Tuesday, April 28, 2009

The Field in Fairfax

You'd think that a gigantic, anomalous field in the middle of a town would be easy to spot. But I managed to miss it for seventeen years driving by it nearly every day. It is located behind the Fair-Anselm Shopping Center in Fairfax. Find the intersection of Center Boulevard and Pastori Avenue on the east side of Fair-Anselm and follow Pastori, a two-block long street that runs from Sir Francis Drake Boulevard, to the concrete bridge spanning the San Anselmo Creek. This bridge marks the entrance of the magical field. But be careful! It is now private property. But a little history lesson never did any one any harm, right?

This 22-acre parcel of land, now worth millions of dollars, has undergone dozens of changes in community purpose and ownership. It began as a land grant from Mexico called Canada de Herrera. It changed hands twice before it was given to Lord Charles Snowden Fairfax in 1855.

For decades it was used as a picnic spot for San Franciscans looking for better weather and a place to get drunk. A reporter wrote in 1884, "last Sunday there was a picnic at Fairfax. About 2,000 attended and fifty fights occurred." The field was a madhouse of drunkenness and debauchery, and the adjacent railroad station made the commute very convenient. Sounds kind of fun.

Then in 1905, Charles and Adele Pastori, two Italian chefs, bought the land and opened Pastori's Italian restaurant. The restaurant was located in the main building where Lord and Lady Fairfax lived all that time ago.

In 1925 Adele Pastori sold the land to the Emporium, at which point it was converted into a country club getaway for its employees. Swimming pools, baseball diamonds, and tennis courts were added to the grounds.

The Emporium closed the club in 1937 and leased the land to the Marin School for Boys, a private school with less than one hundred students.

Four years later in 1943, San Francisco businessman Max Friedman purchased the land and built the Marin Town and Country Club. At that time it was 32 acres and included where the Fair-Anselm Shopping Center and the empty building formerly known as Albertson's stand today. The Country Club had small cottages and bungalows, six swimming pools, tennis courts, a baseball diamond, restaurants, and a dance pavilion. Today, you can still see barbecue pits, dilapidated bathrooms, and rusted signs advertising Coca Cola scattered in the field's overgrown grasses.

In 1960 Max Friedman sold 8 acres to build the Fair-Anselm Shopping Center and the supermarket, but the nortern 26 acres remained for the club.

The Marin Town and Country Club went on the market in 1971. The town council voted down a proposal to buy it as open space for public enjoyment--I wonder if the raucous days of old had anything to do with it? Since then, all development plans have been stalled. With such a valuable piece of property, people have reached a stalemate deciding what to do with the gorgeous 22 acres. As of now, people live in the existing buildings and cottages.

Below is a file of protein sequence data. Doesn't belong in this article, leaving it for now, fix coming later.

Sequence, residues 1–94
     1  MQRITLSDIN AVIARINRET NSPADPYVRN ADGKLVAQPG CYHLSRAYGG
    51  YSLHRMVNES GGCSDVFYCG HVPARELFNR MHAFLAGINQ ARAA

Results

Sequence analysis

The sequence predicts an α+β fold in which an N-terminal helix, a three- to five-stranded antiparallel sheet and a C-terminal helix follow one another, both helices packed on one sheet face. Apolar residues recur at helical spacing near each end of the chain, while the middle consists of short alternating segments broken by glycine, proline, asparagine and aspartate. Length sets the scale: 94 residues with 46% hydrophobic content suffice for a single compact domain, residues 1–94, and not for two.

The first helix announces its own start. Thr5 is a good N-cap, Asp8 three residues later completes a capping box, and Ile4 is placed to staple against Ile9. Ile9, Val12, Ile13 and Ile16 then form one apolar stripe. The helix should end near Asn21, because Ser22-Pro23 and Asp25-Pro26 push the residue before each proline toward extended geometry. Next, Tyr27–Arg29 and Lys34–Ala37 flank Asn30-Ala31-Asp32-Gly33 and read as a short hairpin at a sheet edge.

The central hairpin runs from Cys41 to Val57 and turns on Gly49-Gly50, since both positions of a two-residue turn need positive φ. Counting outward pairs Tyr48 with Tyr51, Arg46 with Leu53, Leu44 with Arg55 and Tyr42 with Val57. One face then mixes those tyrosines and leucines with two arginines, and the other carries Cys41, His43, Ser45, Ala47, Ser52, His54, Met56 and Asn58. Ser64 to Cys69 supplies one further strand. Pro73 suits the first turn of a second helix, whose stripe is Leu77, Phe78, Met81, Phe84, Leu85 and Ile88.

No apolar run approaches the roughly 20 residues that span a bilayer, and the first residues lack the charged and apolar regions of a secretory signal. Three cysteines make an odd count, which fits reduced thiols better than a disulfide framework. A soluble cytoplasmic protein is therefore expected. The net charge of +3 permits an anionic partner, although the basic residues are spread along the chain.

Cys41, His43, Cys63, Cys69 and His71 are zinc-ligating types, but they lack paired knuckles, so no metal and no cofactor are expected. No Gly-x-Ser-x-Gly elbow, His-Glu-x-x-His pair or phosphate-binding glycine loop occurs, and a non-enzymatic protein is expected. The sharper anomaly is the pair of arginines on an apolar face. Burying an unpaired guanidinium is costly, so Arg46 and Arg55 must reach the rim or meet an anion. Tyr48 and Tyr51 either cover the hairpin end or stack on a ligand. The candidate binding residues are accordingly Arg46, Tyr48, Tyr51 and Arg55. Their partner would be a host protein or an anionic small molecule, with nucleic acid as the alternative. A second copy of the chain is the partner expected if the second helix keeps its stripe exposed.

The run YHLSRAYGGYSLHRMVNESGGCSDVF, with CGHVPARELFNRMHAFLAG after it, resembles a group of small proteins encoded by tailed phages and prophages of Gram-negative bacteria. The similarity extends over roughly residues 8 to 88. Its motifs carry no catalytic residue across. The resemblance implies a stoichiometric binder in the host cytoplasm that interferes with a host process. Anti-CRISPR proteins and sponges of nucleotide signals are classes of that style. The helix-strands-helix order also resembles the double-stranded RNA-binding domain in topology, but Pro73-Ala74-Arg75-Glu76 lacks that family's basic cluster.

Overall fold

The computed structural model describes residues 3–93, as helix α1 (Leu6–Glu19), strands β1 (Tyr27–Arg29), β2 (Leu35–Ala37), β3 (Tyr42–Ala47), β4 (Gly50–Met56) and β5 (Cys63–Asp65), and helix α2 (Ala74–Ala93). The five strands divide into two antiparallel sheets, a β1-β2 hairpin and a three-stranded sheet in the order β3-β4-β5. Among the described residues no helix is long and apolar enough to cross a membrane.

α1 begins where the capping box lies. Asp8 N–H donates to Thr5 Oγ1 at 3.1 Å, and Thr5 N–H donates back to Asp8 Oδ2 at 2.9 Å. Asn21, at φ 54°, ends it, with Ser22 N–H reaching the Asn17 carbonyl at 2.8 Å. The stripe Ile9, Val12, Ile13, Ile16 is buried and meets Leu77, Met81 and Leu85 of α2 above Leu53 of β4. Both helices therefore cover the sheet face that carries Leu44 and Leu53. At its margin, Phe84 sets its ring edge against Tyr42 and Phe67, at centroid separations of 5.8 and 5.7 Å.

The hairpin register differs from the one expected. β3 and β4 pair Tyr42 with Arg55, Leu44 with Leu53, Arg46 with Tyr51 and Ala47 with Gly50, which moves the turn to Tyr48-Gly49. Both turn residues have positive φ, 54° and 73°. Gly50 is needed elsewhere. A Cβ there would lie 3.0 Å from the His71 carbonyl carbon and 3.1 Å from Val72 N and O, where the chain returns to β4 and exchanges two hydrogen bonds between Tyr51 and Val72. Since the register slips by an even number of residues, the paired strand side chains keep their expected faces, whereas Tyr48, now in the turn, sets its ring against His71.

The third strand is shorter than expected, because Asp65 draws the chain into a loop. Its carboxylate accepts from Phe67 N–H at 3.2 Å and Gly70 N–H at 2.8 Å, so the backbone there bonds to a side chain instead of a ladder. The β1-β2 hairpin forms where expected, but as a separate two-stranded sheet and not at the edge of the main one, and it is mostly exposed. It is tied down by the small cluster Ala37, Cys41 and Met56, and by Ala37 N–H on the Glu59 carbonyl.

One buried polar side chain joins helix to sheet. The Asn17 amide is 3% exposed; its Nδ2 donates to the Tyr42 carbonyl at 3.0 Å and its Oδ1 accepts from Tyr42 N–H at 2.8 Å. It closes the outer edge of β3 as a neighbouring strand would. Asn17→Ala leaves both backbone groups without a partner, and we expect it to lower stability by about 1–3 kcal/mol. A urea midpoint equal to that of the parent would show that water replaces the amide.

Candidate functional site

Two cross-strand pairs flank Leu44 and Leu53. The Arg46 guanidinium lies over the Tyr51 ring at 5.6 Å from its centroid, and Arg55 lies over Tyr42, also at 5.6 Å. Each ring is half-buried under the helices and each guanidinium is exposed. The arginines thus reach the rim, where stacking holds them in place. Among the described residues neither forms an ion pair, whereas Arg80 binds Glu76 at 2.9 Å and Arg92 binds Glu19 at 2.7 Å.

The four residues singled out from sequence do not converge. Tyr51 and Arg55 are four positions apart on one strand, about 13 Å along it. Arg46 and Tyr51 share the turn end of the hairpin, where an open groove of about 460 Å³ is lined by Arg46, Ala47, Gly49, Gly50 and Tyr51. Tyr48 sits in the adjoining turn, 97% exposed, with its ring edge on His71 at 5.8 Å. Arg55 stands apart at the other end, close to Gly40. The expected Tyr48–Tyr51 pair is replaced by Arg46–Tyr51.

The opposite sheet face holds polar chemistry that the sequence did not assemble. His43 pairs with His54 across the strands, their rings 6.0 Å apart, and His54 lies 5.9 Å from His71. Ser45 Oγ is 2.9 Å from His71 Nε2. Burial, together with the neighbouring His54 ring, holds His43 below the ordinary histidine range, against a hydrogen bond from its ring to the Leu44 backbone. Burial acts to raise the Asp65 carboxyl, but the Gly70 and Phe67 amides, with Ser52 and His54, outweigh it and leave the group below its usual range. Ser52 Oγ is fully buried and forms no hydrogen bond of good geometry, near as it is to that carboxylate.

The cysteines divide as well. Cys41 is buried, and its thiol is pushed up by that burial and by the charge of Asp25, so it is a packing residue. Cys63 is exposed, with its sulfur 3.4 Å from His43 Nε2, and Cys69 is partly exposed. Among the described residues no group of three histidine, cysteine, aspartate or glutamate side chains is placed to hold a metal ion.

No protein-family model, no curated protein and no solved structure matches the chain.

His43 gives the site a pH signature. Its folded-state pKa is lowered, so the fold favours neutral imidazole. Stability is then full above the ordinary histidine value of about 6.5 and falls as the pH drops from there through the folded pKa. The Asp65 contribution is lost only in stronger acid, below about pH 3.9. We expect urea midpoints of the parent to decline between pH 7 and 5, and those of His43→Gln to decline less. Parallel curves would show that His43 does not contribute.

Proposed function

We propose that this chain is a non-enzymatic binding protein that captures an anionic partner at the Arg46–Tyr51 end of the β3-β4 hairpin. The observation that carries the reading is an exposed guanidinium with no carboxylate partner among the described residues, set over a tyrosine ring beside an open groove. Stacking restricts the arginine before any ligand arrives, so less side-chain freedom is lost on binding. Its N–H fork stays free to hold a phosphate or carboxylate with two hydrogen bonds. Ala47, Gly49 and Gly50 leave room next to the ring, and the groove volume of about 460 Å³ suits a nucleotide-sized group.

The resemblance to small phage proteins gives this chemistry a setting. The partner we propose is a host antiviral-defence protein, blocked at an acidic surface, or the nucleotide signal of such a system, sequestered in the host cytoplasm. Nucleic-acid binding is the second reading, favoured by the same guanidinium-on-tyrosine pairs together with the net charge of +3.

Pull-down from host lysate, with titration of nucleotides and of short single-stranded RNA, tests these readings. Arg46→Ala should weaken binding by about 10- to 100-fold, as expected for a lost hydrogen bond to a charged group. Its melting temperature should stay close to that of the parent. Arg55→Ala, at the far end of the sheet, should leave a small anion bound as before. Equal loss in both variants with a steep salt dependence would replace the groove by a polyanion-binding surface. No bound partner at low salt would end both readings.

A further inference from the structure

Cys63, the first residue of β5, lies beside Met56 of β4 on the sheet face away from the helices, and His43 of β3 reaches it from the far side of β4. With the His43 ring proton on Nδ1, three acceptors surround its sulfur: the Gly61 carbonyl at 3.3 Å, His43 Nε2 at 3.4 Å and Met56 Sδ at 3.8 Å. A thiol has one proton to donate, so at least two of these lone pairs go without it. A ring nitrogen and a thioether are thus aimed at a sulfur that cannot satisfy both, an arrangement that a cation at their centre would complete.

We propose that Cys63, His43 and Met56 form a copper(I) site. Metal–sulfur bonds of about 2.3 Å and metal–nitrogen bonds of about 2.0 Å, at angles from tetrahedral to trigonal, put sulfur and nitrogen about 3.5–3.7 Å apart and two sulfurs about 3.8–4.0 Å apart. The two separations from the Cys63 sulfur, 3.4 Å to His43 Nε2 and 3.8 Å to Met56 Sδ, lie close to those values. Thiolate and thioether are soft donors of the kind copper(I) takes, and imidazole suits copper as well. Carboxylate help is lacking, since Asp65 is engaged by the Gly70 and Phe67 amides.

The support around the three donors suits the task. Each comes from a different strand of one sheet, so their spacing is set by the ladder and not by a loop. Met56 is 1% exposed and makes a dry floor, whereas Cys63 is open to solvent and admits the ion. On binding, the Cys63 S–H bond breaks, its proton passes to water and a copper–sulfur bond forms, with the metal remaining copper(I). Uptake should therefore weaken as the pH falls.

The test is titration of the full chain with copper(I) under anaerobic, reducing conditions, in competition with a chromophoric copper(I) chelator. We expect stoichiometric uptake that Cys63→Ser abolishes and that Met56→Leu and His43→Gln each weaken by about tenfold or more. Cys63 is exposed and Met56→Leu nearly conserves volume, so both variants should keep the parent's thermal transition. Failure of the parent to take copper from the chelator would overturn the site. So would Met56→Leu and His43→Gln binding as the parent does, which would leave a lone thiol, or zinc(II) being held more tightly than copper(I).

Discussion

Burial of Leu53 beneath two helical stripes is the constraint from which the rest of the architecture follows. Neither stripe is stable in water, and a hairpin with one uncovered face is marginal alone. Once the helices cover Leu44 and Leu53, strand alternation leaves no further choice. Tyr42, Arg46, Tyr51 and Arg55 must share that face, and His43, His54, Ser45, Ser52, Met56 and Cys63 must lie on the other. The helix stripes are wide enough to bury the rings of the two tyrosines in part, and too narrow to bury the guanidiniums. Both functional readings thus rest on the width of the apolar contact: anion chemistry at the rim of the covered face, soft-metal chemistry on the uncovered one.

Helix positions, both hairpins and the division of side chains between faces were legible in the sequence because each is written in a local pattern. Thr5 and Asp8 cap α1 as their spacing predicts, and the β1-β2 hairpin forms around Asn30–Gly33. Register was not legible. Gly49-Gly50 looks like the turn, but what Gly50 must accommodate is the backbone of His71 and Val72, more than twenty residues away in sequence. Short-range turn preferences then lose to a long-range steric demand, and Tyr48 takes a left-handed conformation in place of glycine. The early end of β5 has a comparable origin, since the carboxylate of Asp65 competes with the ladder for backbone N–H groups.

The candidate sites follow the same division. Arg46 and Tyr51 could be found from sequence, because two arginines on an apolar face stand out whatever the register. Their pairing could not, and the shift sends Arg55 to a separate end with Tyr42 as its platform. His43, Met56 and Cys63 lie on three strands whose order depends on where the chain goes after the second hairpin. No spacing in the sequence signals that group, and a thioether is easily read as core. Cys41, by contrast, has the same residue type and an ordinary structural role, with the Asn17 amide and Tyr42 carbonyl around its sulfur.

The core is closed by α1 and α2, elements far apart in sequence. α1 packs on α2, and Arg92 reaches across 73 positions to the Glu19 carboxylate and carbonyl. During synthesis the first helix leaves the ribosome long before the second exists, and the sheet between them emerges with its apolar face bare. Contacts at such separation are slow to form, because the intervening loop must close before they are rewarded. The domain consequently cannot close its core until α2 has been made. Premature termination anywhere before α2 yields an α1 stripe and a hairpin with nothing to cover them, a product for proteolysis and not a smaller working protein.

Why I Love It
I wish I could describe the feeling I had when I realized this field's existence. Finally seeing it after having driven by it almost every day of my life, I was reminded of how much we miss when our eyes are so firmly fixed on the ground ahead. I was struck by the enormity of it and how incredible it is that the land has resisted asphalt and condos. And walking around, raising my feet high over the tall grasses and shrubs, I envisioned fathers barbecuing hot dogs on the crumbling barbecue pits. I saw kids running around in Keds from building to building, grabbing Coca Colas from the cooler, and jumping into the pool. I imagined how many feet had passed the ground where my feet were planted. I thought of how different it must have looked with six pools and tennis courts and a baseball diamond, now that all it was was a big field struggling to withstand concrete encroachment. It is a relic of the past in a time when development, change, and space is maximized for profit. I love its beauty, its hugeness, and its endurance.

Golden Gate Transit Route 23 goes from the San Rafael Transit Station to downtown Fairfax. From the Parcade in Fairfax, walk east along Center Boulevard for about four blocks. You'll pass the Fair-Anselm Shopping Center. At the intersection, take a right on Pastori Avenue and in under a block you will see the bridge that is the entrance to the glorious field!

Here is the bus schedule for Route 23:


Fairely, Lincoln and James Heig. Mount Tamalpais: A History. Scottwall Associates, San

Francisco: 1987.

Mason, Jack. The Making of Marin: 1850-1975. North Shore Books, Inverness: 1975.

Mason, Jack. Early Marin. House of Printing, Petaluma: 1971.

Spitz, Barry. Marin: A History. Potrero Meadow Publishing, San Anselmo: 2006.

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